Turf war on legal education escalates as Law Ministry floats own Bill

Even as the turf war between the Ministries of Human Resource Development and Health and Family Welfare over regulation of higher education and research is yet to be sorted out, the Union Law Ministry has decided to establish its own regulatory body for higher legal education and research.

The Law Ministry has prepared a draft Higher Legal Education and Research Bill, 2010 that seeks to establish a National Commission for Higher Legal Education and Research — a seven-member body — that will regulate, specify norms and standards of academic quality for accreditation, and benchmark higher legal education institutions.

The Bill seeks to provide for regulation of various aspects of higher legal education and research; grant of recognition to law schools, colleges and institutions and revamping legal education to meet the needs and challenges of all sections of society.

The Human Resource Development Ministry has already prepared a draft Bill for setting up a National Commission on Higher Education and Research that has in its purview all fields of higher education including technical, legal, medical and agriculture. However, the Health and Family Welfare Ministry has also prepared a draft of the National Council on Human Resources in Health which also proposes to regulate medical education and research. The National Commission for Higher Legal Education and Research is the third such regulatory body proposed to be set up by the government.

According to the draft Bill available with The Hindu, the Commission will promote accountability and discipline in the regulatory systems of higher legal education institutions, develop curriculum framework with specific reference to new or emerging or inter-disciplinary fields of law in addition to encouraging law universities to formulate a ‘code of good practices' in leadership, governance and management. At present, the Bar Council of India performs all these functions.

It shall take measures, by regulations, to determine, coordinate and maintain standards of higher legal education and research, and will promote autonomy within higher legal educational institutions and in the development of a framework for institutional accountability, apart from “encouraging law universities to innovate in higher legal education and research.”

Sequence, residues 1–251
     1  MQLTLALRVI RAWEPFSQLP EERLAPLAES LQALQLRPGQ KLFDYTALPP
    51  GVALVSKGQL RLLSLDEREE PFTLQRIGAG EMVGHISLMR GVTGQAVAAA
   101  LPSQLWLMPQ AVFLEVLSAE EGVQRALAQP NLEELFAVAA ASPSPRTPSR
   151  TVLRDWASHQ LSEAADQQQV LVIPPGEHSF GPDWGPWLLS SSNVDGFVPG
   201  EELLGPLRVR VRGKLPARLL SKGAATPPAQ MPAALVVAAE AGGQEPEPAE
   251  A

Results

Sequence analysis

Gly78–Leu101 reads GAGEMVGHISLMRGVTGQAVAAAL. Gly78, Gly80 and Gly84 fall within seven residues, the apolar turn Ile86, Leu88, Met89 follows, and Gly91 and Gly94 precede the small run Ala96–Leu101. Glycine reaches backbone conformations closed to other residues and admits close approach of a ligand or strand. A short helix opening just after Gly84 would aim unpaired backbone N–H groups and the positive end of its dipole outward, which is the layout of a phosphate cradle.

Foreign institutions

The Commission will also regulate the entry and operation of foreign educational institutions in law in accordance with any law providing for such regulation for the time being in force.

There is a provision for establishing a general council which will have members from the Centres for Advanced Legal Studies and Research to be set up by the government, head of the Bar Council of India, representative of the State Bar Councils, Supreme Court Bar Association, National Law Universities (by rotation) and Indian Law Institute, and private law schools.

The general council will advise on the measures to be taken for enhancing access, inclusion and equity in higher legal education, measures to be taken for connecting higher legal education and research to the practice of profession, suggest measures to remove imbalances in the development of higher legal education, and adequacy of funding for higher legal education.

Collegium of scholars

There will also be a collegium of scholars that will comprise 25 Fellows who will be persons of integrity and eminence in higher legal education and research, a National Professor, eminent jurist or former Chief Justices of India. The collegium will aid, advise and make recommendations to the Commission for the determination, coordination, maintenance of standards in and promotion of higher legal education, recommend to the Commission a vision on the emerging trends in different fields of law.

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Printable version | Dec 5, 2021 5:22:58 AM |

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